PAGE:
I spoke about the JLB Project and its founders, Anna and Mike LaBenz, at the AFP Arizona Statewide Conference in July 2015, hosted by the AFP Northern Arizona Chapter, and shared the following remarks. This seems like a good time to share them again.
Today, I'd like to tell you a story about a courageous and big hearted woman named Anna.
I first met Anna LaBenz nine years ago. She and her husband, Mike, had approached the Flagstaff Medical Center Foundation wanting to make a substantial gift to the hospital. As the former Foundation Director, I was brought in to help advise on the gift.
And I turned the gift down. Sort of. Let me tell you why.
You see, I met Anna at a very difficult time in her life. She and Mike had been expecting their second child and tragically lost their son at full term due to an umbilical cord accident. As you can imagine, they were devastated. But they also felt lonely...almost ostracized...by their loss. What do you say to someone who loses a child this way?
Anna wanted to do something to channel her grief. So we talked about what she and Mike wanted to do with their gift.
“We want to help other parents who are dealing with this. No one should have to go through this alone.”
What Anna and Mike identified, was that there were plenty of grief counseling programs for people who have lost loved ones, or even lost a child. But a program that could talk with parents who lost a child from conception through the first year? Those programs were very rare, and very erratic in their implementation.
I told Anna and Mike, very honestly, that the hospital was not the place for their gift. The hospital was a great place for acute care, but not for dealing with the impact afterward. I ended up connecting them with Northland Hospice, and Anna began the program there. After a short while, it became clear that there was a much greater need for their program than either Anna or Mike anticipated, so Anna bravely launched her own nonprofit, the JLB Project, standing for “Jack's Little Brother.”
The story could have stopped there. Another nonprofit launched, another gift directed to what the donor felt passionately about.
But there's more to the story.
The JLB Project has now been a pretty stable nonprofit for about 8 years. Anna has served as the Board President for the entire time, taking the lead on most things. I helped with board training early on, and I kept in touch with Anna, so I wasn't surprised to hear from her recently. She asked for a short advising session to talk about JLB.
What she said to me in that discussion was shockingly astute. She said, “This organization IS JLB. I've kept him alive through this organization for 8 years. But I think I need to let him grow up. I think I need to let myself let go.”
That...is one of the most brave things I have ever heard come out of a founder's mouth.
Anna could have easily blamed burnout. It's so common in the nonprofit sector—we give and give, for little return, and we just exhaust ourselves.
Anna could have blamed other people involved. We often blame our board, our staff, our donors, our clients, for our challenges, even when it's not necessarily fair to do so.
Anna could have blamed a lack of resources. No nonprofit has enough staff, or enough money to fund the staff, or enough...anything.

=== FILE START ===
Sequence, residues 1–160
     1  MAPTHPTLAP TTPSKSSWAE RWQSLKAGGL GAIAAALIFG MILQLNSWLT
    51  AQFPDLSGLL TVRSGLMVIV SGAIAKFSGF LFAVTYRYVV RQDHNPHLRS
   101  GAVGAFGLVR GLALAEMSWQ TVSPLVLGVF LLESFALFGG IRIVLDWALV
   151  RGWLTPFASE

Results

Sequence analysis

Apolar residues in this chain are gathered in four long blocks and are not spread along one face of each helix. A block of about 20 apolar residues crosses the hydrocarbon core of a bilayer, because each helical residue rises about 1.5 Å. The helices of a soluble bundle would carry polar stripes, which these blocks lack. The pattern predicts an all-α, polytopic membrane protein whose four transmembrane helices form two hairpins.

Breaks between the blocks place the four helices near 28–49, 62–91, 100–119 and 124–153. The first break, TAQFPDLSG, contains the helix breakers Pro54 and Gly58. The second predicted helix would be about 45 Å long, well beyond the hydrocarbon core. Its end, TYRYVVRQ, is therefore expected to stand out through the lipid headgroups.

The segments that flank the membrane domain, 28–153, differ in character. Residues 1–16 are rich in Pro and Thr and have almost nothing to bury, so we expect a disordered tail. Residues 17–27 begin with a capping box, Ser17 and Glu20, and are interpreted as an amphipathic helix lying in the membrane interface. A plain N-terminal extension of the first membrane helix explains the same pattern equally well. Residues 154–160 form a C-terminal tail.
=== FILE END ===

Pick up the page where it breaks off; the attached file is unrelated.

But instead, she looked to herself. And realized it was time to let the organization grow.
When she started JLB Project, it was just like JLB would have been. It was an infant, needing constant attention and lots of personal investment.
As the organization became established, it was like a toddler. More people could be involved in the care and feeding of the JLB Project, but Anna, MOM, was still the primary caregiver.
When it became a “preschooler,” the JLB Project went through some growing pains, and a few things got parceled out to other team members, but the main weight of the responsibility still lay on the mom, on Anna.
Now, JLB Project needs a little independence.
It's not ready to fly on its own. I think Anna understands that she still needs to be involved. To be the moral compass. But it's ready to not have “mom” involved all the time.
And it's hard as a parent, some times, to let go.
I infinitely respect Anna for understanding that the future success of the JLB Project requires that she, as the founder, give it a little space. It's so easy for founders of organizations to make it about them, or about their personal needs, thinking no one can do this as well as they can. Instead, Anna is about helping the organization grow.
So now, what Anna is looking for, are people that she can trust to help take care of her maturing “child.” And she has to believe in her heart, that as a parent, she has imbued this child, this organization, with enough of her values that it will continue on the right path.
"9 years. 3,585 days. 78,840 hours. 4,730,400 minutes. That is how long it has been since you changed it all. Happy Birthday my sweet boy. In your life and in your death I have received so many gifts. I would give it all back to hold you for one more minute, one more hour, one more day, or one more year. Love you always. Mommy."
JLB will always live for Anna and Mike LaBenz. And thanks to Anna's visionary leadership, I'm confident the JLB Project will live on as a critical community service, and a fitting tribute to JLB, and to his loving parents.
Afterword: Several months after these remarks, I was honored to facilitate the JLB Project's reflective, cathartic, and often emotional strategic planning process. They are now moving forward with a plan to help the organization grow in a way that supports self-care for the participants, and personal and organizational resilience. Several people have stepped up for increased responsibility in "parenting" JLB. I'm extremely proud of their efforts, and encourage people to support them. If you'd like to give or volunteer, visit their website or Facebook page.